Asus 13.3" UL30A CULV Notebook Review

Asus 13.3" UL30A CULV Notebook Review

In our 2009 Notebook Buyer's Guide, we discussed the merits and perils of CULV based notebooks. This suddenly popular and quickly growing sector looks to bridge the gap between the bargain basement netbook and the full-size notebook. It makes sense to think that a swath of 13.3" to 14" machines would be needed for those who find 10.1" netbook displays too tiny and 15.4" rigs too large, and that's exactly the sweet spot that Asus is attempting to hit with its new UL30 range. The particular model that we're looking at today is the UL30A-A1, though a handful of other configurations will be available as well. This 13.3" machine looks to offer more power than a typical netbook, yet provide nearly the same level of portability and battery life.

The UL30 was just introduced last week along with a few other CULV machines, which stands for Consumer Ultra Low Voltage. This moniker refers to the Intel processor within, which is a more powerful chip than the Atom options found in most netbooks, yet isn't quite as potent as the full-fledged Core 2 Duo CPUs found in most full-size notebooks. Again, this whole machine is about splitting the difference, and we have to admit, it's a fine line to walk...

Asus 13.3" UL30A CULV Notebook Review

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Holy start up programs Batman!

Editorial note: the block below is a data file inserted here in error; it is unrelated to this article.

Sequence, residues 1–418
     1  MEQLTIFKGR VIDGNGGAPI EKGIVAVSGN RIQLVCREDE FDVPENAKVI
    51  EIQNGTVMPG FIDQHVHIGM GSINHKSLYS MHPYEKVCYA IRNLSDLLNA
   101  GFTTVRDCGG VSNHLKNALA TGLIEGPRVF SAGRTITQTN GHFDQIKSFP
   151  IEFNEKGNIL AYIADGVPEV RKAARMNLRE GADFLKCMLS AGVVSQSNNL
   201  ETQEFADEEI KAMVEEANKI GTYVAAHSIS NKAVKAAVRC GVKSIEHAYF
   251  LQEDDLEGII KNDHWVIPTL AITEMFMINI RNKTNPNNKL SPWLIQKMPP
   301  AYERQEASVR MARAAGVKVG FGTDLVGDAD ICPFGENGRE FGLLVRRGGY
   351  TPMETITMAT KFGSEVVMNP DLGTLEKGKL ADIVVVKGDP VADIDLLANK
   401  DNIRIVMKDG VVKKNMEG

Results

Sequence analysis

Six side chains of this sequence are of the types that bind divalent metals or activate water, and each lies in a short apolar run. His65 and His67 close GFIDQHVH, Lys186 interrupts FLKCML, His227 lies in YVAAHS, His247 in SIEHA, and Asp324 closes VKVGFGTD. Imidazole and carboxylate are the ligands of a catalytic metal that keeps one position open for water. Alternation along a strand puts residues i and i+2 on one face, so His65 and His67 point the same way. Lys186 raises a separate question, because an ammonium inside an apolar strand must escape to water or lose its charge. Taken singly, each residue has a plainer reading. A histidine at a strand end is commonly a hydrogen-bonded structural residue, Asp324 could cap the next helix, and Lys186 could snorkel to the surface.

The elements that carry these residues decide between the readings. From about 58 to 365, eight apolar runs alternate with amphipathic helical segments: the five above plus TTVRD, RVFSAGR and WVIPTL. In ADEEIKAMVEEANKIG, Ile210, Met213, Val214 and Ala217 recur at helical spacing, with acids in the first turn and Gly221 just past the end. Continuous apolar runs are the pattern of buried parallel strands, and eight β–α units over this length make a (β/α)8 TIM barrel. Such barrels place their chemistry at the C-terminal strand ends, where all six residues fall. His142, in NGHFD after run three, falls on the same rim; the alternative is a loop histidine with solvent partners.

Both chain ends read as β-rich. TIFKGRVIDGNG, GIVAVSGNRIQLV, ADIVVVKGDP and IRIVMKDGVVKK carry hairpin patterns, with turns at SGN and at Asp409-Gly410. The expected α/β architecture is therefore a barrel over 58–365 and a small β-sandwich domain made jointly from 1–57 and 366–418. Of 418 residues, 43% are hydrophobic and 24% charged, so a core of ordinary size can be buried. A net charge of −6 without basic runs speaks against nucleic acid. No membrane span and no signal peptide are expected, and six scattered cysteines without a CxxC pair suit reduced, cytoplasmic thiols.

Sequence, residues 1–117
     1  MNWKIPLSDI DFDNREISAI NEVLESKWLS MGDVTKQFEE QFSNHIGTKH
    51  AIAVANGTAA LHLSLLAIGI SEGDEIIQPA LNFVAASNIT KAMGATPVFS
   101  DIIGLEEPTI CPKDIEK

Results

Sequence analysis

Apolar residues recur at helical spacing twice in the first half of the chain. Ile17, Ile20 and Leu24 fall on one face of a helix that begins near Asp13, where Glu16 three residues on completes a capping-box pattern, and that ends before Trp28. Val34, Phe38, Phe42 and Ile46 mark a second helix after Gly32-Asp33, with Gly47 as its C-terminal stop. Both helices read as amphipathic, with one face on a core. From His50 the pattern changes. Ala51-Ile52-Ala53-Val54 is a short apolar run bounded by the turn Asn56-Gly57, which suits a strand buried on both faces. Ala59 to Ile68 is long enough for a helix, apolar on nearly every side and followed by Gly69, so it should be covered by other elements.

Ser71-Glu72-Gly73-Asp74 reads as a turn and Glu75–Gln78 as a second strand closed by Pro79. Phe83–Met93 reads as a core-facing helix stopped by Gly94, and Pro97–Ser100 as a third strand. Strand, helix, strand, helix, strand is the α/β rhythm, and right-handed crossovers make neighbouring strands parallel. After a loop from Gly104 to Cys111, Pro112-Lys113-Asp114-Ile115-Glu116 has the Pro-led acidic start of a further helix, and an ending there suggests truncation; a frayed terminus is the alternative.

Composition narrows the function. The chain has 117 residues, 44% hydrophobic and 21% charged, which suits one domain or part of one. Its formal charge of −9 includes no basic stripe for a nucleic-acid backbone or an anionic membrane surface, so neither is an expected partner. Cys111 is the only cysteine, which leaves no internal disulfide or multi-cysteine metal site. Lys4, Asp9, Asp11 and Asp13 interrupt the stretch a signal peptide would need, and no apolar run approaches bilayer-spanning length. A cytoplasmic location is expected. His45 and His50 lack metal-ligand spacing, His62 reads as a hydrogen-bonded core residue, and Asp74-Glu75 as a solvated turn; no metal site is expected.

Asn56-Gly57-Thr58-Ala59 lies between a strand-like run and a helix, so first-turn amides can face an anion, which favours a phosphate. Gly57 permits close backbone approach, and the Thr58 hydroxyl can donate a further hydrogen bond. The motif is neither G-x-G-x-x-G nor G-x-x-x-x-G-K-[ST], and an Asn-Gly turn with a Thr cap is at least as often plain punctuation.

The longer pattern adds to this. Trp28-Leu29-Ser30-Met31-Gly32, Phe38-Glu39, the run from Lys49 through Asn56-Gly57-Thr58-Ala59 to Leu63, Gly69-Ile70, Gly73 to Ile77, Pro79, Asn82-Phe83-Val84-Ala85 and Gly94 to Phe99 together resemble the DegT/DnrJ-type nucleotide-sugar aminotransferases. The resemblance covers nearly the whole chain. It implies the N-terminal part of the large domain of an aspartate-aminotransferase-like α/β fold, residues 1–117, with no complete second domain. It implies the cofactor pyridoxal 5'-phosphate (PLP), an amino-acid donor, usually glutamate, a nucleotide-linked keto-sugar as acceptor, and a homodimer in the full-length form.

Looks like a decent little laptop. I have never been able to stand those apple style keyboards though.

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OK, I must admit, I actually love those Apple style keyboards. :)

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Just stab me in the heart, Davo.

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Marco C:

Just stab me in the heart, Davo.

That made me laugh way more than it should have.

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I've been on the fence about buying a laptop/netbook for months now. It's hard to decide what to get with all of the new stuff turning up all of the time.

So I wait,...............

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realneil:

I've been on the fence about buying a laptop/netbook for months now. It's hard to decide what to get with all of the new stuff turning up all of the time.

So I wait,...............

Consider a Mac Book Pro.  Really!  The new cheapest model is very nice.  My friend picked one up and I think it's the best quality laptop for the price.  You should be able to get a Windows installation on there too, if that's your fancy.

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You guys need to tell the readers that this machine can indeed play 1080p content. No, you can't do it in WMP. You have to use software that allows hardware decoding through DX10, like MPC-Home Cinema, or KMPlayer with PowerDVD8 codecs installed (takes some doing in the options).

Basically, all 4500MHD equipped laptops will play 1080p without problems. That GPU is rated to decode 1080p h.264, mpeg2 and VC-1 content fully. It's the first Intel GPU to do full hardware decoding for those codecs.

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